First any part of rupee consisting of any paisa should be ignored.
After ignoring paisa, if such amount is not in multiples of ten, and last figure in that amount is five or more, the amount shall be increased to the next higher amount which is in multiple of ten and if the last figure is less than five, the amount shall be reduced to the next lower amount which is in multiple of ten and the amount so rounded off shall be deemed to be the total income of the taxpayer.​

Illustration for better understanding

If the taxable income of Mr. Keshav is Rs. 2,52,844.99, then first paisa shall be ignored, i.e., 0.99 paisa shall be ignored) and the remaining amount of Rs. 2,52,844 shall be rounded off to Rs. 2,52,840 (since last figure is less than five). If the total income is Rs. 2,52,845 or Rs. 2,52,846.01, then it shall be rounded off to Rs. 2,52,850 (since the last figure is five or above).​

​5. Can I claim deduction for my personal and household expenditure while calculating my taxable income or profit?​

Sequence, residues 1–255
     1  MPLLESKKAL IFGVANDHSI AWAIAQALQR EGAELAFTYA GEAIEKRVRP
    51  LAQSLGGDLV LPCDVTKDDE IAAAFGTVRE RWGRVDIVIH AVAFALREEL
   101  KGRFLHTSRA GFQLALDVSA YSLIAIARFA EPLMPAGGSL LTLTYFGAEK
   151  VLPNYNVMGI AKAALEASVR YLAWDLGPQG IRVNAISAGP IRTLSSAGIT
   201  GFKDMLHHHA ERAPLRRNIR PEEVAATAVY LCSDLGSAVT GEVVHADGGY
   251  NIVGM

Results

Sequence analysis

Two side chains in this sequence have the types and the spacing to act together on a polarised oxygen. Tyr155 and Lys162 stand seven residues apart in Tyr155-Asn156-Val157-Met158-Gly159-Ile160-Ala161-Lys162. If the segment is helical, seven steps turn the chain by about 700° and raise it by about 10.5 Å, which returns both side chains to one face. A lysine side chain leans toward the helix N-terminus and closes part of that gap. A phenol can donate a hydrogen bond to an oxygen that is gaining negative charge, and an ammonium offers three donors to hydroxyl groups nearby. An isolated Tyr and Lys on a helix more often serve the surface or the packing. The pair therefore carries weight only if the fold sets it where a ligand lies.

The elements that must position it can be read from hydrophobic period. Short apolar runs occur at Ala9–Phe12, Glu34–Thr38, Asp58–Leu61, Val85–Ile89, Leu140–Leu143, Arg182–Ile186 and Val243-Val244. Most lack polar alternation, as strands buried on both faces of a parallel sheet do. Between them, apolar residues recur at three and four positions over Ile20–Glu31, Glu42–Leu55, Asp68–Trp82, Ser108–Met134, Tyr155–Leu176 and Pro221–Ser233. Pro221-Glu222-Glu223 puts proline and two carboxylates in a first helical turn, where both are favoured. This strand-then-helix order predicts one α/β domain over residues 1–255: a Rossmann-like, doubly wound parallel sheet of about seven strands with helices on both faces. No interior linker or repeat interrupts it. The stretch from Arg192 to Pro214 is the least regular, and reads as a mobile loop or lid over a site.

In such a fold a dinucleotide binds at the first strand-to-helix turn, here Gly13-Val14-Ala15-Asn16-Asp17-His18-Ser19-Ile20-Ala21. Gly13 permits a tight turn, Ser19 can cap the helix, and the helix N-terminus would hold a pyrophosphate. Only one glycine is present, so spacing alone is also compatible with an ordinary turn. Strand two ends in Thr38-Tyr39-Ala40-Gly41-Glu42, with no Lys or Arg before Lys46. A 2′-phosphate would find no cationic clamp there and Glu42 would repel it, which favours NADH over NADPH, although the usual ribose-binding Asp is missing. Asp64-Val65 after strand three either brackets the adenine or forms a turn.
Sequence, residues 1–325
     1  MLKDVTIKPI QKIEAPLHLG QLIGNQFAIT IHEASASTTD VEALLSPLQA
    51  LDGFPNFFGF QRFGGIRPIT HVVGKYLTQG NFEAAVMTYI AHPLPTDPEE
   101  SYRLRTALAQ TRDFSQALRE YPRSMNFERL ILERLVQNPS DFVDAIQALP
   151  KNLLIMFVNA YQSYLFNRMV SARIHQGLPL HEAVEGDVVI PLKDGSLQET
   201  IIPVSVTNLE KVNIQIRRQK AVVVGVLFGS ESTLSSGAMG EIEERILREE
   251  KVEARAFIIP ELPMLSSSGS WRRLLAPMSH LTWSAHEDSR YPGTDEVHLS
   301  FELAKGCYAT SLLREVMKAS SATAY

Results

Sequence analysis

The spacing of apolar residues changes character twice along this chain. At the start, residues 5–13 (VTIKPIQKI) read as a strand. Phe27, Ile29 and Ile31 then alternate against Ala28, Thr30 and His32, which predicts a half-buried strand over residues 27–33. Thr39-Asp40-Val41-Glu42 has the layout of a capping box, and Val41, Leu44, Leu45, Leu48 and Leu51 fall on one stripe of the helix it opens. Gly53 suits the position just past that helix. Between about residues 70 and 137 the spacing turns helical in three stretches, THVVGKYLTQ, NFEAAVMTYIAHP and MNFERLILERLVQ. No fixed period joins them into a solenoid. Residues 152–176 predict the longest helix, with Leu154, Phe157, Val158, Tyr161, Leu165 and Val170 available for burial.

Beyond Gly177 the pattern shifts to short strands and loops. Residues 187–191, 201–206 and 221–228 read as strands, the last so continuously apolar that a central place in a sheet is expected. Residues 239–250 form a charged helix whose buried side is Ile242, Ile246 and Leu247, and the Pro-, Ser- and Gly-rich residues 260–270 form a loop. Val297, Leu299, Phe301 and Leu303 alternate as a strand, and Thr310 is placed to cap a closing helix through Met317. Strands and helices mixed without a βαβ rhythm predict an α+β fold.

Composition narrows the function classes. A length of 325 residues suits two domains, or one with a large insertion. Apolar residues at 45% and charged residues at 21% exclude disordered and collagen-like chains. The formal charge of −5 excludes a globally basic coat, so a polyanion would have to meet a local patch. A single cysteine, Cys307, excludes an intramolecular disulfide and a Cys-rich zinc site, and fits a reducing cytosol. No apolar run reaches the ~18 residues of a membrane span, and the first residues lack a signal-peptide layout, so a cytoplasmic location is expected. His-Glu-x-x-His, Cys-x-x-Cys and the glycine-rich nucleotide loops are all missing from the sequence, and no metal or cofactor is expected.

No, you cannot claim deduction of personal expenses while computing the taxable income.

While computing income under various heads, deduction can be claimed only for those expenses which are provided under the Income-tax Act.

6. Is there any limit of income below which I need not pay tax?​

​At this moment (i.e., for the financial year 2014-15) Individual, HUF, AOP, and BOI having income below Rs. 2,50,000 need not pay any Income-tax. In respect of resident individuals of the age of 60 years and above but below 80 years, the basic exemption limit is Rs. 3,00,000 and in respect of resident individuals of 80 years ​and above, the limit is Rs. 5,00,000. For other categories of persons such as co-operative societies, firms, companies and local authorities, no basic exemption limit exists and, hence, they have to pay taxes on their entire income chargeable to tax.

​7. ​How to compute the total tax liability?

After ascertaining the total income, i.e., income liable to tax, the next step is to compute the tax liability for the year. Tax liability is to be computed by applying the rates prescribed in this regard. For rates of tax, refer “Tax Rate” section. Following table will help in understanding the manner of computation of the total tax liability of the taxpayer.